Traditionally companies will apply a mathematical process of uplifting various or all accounts from the previous year and roll the dice to create a new sales figure for the coming year. There will be variations added around new products being introduced or products being redundant. Some changes around the available market share, and any other calculation that can be drawn on to justify an increase to those on the ground.
The fundamental error with this process is point 3- is it deliverable?
The question is not answered by the debate of markets and customers, which are the usual go-to scenarios. The answer to point 3 is combined into the cost of sales to deliver the outcome. Not the costs of goods but the cost of sales feet on the ground or the telephones. The productivity and other contributors that will define whether the sales quota is realistic or not.
The most significant assumption made is that the numbers being delivered each year in history were managed with the right productivity, focus, and deliverables.
Having completed over 200 reviews of sales quotas, it can be said that 90% of sales numbers were too low, and the company was losing profit directly and indirectly in how the sales team was measured and directed.
Companies need to seek justification for their number through robust sales calculations to identify a fair number that benefits the company and employees.
Those calculations then develop the KPIs and other measurables to support sales implementation. Indicators that manage the horizon and show what adjustments are required, what additional support may be needed, and set up everyone for success.
Taking the sales team on the journey
When the numbers have been tested, and the mechanics are understood of what is required to deliver the sales goal, it is important to engage the team in developing their sales plans to support the numbers. Show them how they can deliver and the process they can apply to minimise their workload and increase the output of their efforts. Allow their knowledge of the market, customers, and potential new businesses to guide them in establishing a plan.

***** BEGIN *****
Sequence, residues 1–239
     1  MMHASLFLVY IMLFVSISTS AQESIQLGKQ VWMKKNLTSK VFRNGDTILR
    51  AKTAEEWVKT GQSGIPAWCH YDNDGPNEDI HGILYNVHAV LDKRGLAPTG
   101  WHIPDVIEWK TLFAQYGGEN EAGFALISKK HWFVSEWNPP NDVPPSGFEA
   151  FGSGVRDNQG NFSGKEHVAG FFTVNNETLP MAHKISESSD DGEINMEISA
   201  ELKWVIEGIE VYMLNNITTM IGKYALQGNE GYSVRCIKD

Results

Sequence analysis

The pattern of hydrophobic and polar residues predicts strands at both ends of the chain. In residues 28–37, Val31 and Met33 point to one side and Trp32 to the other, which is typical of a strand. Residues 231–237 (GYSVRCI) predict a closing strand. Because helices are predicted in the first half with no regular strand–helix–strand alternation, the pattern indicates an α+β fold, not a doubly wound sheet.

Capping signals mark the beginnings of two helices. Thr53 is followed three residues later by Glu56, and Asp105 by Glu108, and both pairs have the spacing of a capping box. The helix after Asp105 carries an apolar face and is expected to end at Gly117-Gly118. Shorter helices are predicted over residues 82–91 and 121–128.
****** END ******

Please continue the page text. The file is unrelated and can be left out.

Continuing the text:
Introduce the new KPIs and measurement tools, so they understand the increased measurement is not a deterrent but there to support their efforts. This will also give them tools that allow them to have control over potential additional earnings in bonuses and commissions as they understand what levers to pull to achieve mutual sales goals.
In the current market, setting sales quota and KPIs for measuring growth will be challenging and needs to be validated carefully before being released to the sales team. Their apprehension of the new normal and how they will operate will weigh heavily on how receptive they are to receiving the new number.
If you would like to discuss quota setting and KPIs – measurement to carefully guide your team into the new normal, please reach out for a conversation.
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Making Your Sales Number in the Coming Year
How to Diagnose a Sales Problem